4 Ways the Fight Over Data is Getting Way More Personal
Many people want to own their data and the rights to disseminate it in a way that benefits them in return.
Nobody feels particularly threatened when they are served a well-targeted ad online. It makes sense that if you Google vacation destinations in Puerto Rico that somehow an algorithm on the Internet will allow Kayak to flood your screen with hotel promotions. That is not sinister; it is just odd.
But the things that are done with people's personal data (and the things we search for on Google should be personal, right?) are increasingly crossing the line into a darker area that no one really wants to talk about. Thankfully, public awareness on the issue is rising thanks to high profile phone hacks, legislation that has been passed and stories about how much money data is actually worth.
A problem of this magnitude is also an opportunity of equal magnitude for an entrepreneur with the right idea. Though, in this case, there is room for a crowd of entrepreneurs, several government initiatives and probably some lawsuits.
These are four ways data is (and must) get way more personal and how entrepreneurs can play a part:
1. The social revolution.
Facebook is still the premier social network, even if it is increasingly surrounded by younger networks with sleeker features. As such, it plays a leadership role in the business of setting precedent for user data harvesting. According to Julian Ranger, personal data expert and founder of digi.me, the value of the data Facebook collects is worth billions of dollars.
"It is said you cannot know the value of something until you measure it and Facebook has lead the industry in its acquisition, organization and exploitation of data," says Ranger. "But how is it Facebook's right to have a file on personal users? And shouldn't the user have the right to allow or not allow that data to be sold to other companies?"
There are those in the private sector who think so and they are starting to fight back. Tech company Spy Aware offers an app that will tell you what data your phone is sending via the apps that are installed on it. If you are not outraged about invasive data practices yet, you will be soon after installing Spy Aware.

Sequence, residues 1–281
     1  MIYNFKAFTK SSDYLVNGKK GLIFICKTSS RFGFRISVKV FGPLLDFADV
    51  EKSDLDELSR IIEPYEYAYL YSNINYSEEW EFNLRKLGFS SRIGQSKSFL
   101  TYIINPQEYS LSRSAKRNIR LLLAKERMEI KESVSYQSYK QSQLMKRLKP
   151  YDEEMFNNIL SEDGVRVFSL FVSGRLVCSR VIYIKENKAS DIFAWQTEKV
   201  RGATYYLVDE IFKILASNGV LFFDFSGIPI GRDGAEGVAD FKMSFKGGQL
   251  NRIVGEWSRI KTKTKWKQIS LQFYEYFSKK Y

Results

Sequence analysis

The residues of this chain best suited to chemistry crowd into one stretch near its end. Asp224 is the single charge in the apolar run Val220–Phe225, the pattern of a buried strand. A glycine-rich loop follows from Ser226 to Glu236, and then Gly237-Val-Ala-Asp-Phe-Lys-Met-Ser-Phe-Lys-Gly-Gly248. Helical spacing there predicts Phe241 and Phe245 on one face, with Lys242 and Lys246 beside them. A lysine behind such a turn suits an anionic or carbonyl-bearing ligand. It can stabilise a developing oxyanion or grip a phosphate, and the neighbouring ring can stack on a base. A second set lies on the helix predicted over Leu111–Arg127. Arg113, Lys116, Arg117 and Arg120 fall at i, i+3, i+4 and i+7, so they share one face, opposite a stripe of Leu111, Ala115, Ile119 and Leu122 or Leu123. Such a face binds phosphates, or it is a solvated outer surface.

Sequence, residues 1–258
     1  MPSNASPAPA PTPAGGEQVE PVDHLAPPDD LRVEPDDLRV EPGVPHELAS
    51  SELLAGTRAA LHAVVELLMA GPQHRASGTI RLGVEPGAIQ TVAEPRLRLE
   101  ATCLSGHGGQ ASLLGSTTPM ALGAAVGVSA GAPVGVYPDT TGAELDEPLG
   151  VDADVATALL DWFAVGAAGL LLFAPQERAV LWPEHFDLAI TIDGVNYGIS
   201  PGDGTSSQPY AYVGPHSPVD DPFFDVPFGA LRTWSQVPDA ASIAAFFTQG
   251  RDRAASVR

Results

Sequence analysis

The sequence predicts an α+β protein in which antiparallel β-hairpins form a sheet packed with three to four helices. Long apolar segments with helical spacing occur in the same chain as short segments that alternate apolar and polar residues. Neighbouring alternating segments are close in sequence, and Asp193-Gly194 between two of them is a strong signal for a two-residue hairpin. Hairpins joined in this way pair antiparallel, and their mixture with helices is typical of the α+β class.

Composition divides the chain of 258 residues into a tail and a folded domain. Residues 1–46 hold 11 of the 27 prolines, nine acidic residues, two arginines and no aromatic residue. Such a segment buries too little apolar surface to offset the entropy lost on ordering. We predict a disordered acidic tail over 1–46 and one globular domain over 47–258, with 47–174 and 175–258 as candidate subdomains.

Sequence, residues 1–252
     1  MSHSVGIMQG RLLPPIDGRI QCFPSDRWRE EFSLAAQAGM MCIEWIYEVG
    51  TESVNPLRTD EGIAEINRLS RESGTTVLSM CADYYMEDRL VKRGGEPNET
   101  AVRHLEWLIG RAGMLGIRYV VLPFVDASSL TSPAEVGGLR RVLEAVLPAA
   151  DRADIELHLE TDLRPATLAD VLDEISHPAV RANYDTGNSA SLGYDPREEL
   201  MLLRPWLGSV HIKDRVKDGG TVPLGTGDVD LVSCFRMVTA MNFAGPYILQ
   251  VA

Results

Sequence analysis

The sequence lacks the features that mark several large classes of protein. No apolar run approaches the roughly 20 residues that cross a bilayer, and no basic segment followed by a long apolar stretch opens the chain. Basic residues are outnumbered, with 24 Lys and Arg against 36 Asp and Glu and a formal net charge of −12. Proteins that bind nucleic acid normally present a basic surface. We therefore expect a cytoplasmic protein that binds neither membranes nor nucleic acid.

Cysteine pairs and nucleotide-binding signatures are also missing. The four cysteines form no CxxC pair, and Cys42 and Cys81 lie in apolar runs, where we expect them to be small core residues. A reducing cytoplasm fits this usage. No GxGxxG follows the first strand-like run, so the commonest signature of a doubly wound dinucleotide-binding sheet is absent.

2. The regulatory revolution.
Laws are and will be an important step returning the power of data back to the people. But to-date there have been few successes to point to. The European Union passed the General Data Protection Regulation (GDPR) which does signal a shift from the wild west of data collection to a world with a few laws and borders. But functionally the law does little to return full ownership of people's personal data and companies are already preparing with elaborate compliance mechanisms that will help them to carry on with business as usual.
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"The GDPR is a step in the right direction, but it falls far short of turning the tables on who owns the data," notes Ranger. "And that makes sense, much of the economy is run on the free flow of information. The challenge is to reshape the system so that individuals can selectively sell their own information for a value proposition that works for them."
3. The technology revolution.
The Internet, for all of its benefits, is controlled by powerful companies. Accordingly, for users to be safe on the Internet, they need to level the playing field, which will require some powerful technological solutions.
Users need to have the ability to locally store their data and control who has access to it. Ranger's digi.me offers a platform that allows users to do that with all of their social media data and has plans to expand into other areas.
The opportunities and needs are almost endless in this area. Users need tools that alert them about data leaks, allow them to control their data, and provide the means for them to selectively share it. The technology world has its work cut out for it, to be sure. But demand is such that the project is already underway.
4. The public opinion revolution.
Public opinion oscillates based on the news of the day, so to suggest what the public thinks about anything is presumptuous. But in an effort to understand the underlying causes that motivate people's opinions on sharing their personal data, Colombia Business School conducted a study of 8,000 people across generational divides. What they found was that for the right value proposition (a promotion or a discount) 80 percent of people would share their information with a company that wanted it.
The doomsayers who think that data privacy will grind the global economy to a halt must consider the possibility that many people just want to have ownership over their data and the right to disseminate it in a way that benefits them in return. It will be exciting to see how entrepreneurs step into this space. In the same way that the Internet connected us in a way that few people could have imagined, returning data to its owners could change the Internet into a vastly different place yet again.
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